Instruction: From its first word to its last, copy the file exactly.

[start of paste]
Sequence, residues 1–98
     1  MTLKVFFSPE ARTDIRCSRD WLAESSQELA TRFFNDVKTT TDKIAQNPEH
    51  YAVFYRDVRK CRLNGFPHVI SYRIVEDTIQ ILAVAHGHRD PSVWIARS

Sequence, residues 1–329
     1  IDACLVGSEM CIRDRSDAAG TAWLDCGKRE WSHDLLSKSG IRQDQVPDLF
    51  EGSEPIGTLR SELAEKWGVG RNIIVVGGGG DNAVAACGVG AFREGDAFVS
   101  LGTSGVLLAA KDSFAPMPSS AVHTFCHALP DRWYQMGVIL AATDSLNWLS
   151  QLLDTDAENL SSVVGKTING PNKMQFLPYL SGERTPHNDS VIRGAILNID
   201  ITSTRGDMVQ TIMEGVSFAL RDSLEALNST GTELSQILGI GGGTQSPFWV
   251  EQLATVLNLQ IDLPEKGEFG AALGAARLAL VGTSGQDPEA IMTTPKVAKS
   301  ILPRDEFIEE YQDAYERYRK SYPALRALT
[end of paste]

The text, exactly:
Sequence, residues 1–98
     1  MTLKVFFSPE ARTDIRCSRD WLAESSQELA TRFFNDVKTT TDKIAQNPEH
    51  YAVFYRDVRK CRLNGFPHVI SYRIVEDTIQ ILAVAHGHRD PSVWIARS

Sequence, residues 1–329
     1  IDACLVGSEM CIRDRSDAAG TAWLDCGKRE WSHDLLSKSG IRQDQVPDLF
    51  EGSEPIGTLR SELAEKWGVG RNIIVVGGGG DNAVAACGVG AFREGDAFVS
   101  LGTSGVLLAA KDSFAPMPSS AVHTFCHALP DRWYQMGVIL AATDSLNWLS
   151  QLLDTDAENL SSVVGKTING PNKMQFLPYL SGERTPHNDS VIRGAILNID
   201  ITSTRGDMVQ TIMEGVSFAL RDSLEALNST GTELSQILGI GGGTQSPFWV
   251  EQLATVLNLQ IDLPEKGEFG AALGAARLAL VGTSGQDPEA IMTTPKVAKS
   301  ILPRDEFIEE YQDAYERYRK SYPALRALT